In last weeks blog we discussed ways to organize and assist you in tackling a project.  Upon further review, we feel as if we missed a step along the way.  Where do ideas for projects come from?  Who sits in their cubicle and ponders ways in which to generate sales via marketing strategies? Perhaps it is someone in a corner office?  Regardless of where your rear lies in regards to your work place, we are writing this blog to assist you in generating ideas for upcoming marketing ploys.  

If you work in a powerhouse company, you may opt for an outside firm/agency to help you come up with ideas to draw your customers further into your profit reaching grasp.  If that is the case, we congratulate and applaud you for having the funds available to create more cash money.  After all, we know the saying that goes something like, “It takes money to make money.”  But what is the difference between a firm and an agency?  To answer this question we turn to the largest resource available at your fingertips, the internet.  Scheffy.com states, “Firm” implies to a small group of professionals with a limited range of services, usually specializing in one or two areas of marketing. For example, a marketing firm might be well suited for understanding and planning for campaigns, but might lack the resources to implement all of them in-house. Or, a firm might be limited in the services they offer: a PR firm might only offer PR services instead of having PR as part of an integrated plan.  If you are able to execute another’s ideas, you might only need a marketing firm. If you only need one marketing specialty, such as PR, a specialty firm might be the right fit.  That said, a marketing agency is likely to offer a broader range of services and employ a diversified team of specialists. Regardless of the agency’s size, they generally keep more of the work in-house and fill their team with experts in a variety of fields.”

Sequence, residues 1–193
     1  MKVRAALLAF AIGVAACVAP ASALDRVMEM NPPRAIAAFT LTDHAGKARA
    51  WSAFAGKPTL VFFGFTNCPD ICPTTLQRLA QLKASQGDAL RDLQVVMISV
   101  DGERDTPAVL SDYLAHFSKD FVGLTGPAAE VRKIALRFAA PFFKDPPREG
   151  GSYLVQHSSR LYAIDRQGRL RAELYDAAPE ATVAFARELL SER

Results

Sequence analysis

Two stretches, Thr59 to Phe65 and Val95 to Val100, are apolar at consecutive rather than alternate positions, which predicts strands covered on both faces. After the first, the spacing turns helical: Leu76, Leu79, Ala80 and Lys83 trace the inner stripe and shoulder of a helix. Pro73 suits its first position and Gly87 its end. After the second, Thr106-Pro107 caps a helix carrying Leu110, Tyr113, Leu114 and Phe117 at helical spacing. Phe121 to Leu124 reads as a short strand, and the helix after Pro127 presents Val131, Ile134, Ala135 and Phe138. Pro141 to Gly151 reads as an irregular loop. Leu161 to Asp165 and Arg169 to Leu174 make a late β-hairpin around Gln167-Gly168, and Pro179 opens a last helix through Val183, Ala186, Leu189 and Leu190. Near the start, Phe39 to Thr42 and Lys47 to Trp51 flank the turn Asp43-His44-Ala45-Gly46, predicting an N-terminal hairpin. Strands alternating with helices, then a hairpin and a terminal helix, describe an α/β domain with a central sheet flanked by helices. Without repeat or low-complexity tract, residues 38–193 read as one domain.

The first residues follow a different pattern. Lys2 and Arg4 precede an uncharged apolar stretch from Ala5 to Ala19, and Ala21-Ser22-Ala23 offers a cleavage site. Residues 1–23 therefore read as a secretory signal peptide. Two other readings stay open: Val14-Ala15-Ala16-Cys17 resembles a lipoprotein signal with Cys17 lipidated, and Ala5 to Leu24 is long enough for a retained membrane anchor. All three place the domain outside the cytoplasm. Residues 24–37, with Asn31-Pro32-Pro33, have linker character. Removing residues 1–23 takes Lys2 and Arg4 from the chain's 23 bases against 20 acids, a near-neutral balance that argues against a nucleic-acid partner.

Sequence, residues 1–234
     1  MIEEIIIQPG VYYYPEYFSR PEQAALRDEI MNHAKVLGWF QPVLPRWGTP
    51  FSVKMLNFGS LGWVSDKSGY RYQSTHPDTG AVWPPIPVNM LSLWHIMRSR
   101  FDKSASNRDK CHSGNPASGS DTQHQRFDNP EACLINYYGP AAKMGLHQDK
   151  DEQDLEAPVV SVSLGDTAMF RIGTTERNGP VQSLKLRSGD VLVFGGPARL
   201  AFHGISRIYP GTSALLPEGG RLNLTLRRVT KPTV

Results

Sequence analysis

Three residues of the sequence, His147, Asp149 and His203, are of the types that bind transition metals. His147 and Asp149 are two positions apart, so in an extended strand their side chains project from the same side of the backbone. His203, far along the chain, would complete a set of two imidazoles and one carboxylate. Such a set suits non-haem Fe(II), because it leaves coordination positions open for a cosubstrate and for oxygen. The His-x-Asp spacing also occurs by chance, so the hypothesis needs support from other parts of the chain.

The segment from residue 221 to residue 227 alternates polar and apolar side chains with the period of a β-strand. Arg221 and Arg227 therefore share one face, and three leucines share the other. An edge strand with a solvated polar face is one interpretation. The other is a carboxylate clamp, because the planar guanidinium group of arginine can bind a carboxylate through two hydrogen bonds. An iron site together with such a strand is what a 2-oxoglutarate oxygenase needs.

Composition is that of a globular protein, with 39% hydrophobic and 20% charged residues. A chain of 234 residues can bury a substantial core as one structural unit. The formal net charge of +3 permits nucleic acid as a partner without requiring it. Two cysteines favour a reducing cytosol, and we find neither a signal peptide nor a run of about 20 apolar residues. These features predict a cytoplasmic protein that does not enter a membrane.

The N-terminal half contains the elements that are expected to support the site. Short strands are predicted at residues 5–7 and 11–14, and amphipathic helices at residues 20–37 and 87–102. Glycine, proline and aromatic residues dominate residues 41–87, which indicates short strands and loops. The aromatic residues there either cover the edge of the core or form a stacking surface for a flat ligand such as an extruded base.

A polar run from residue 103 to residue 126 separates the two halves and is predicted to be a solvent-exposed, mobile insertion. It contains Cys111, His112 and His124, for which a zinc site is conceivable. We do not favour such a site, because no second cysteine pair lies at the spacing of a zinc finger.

Whew, that was a lot to grasp!  However, knowing the difference between these terms is crucial in knowing who to employ to greater meet your needs.   The five largest marketing companies in the world and there net worth are:

  • WPP Group, London $19.0 billion.
  • Omnicom Group, New York City $15.3 billion.
  • Publicis Groupe, Paris $9.6 billion.
  • Interpublic Group, New York City $7.5 billion.
  • Dentsu, Tokyo $6.0 billion.

That is a lot of money backing a lot of people to create a lot of different ideas.  If using money to make money isn’t how you roll, we got your back. 

There are a variety of marketing resources available to help you in the process of generating ideas. In order to successfully create them, you need to know what you are selling and why.  You also need to know the four P’s of marketing.  That is, Product, Price, Promotion, and Place.  These are defined as follows via Cleverism.com:

Product– Either a tangible good or an intangible service that is seem to meet a specific customer need or demand. All products follow a logical product life cycle and it is vital for marketers to understand and plan for the various stages and their unique challenges.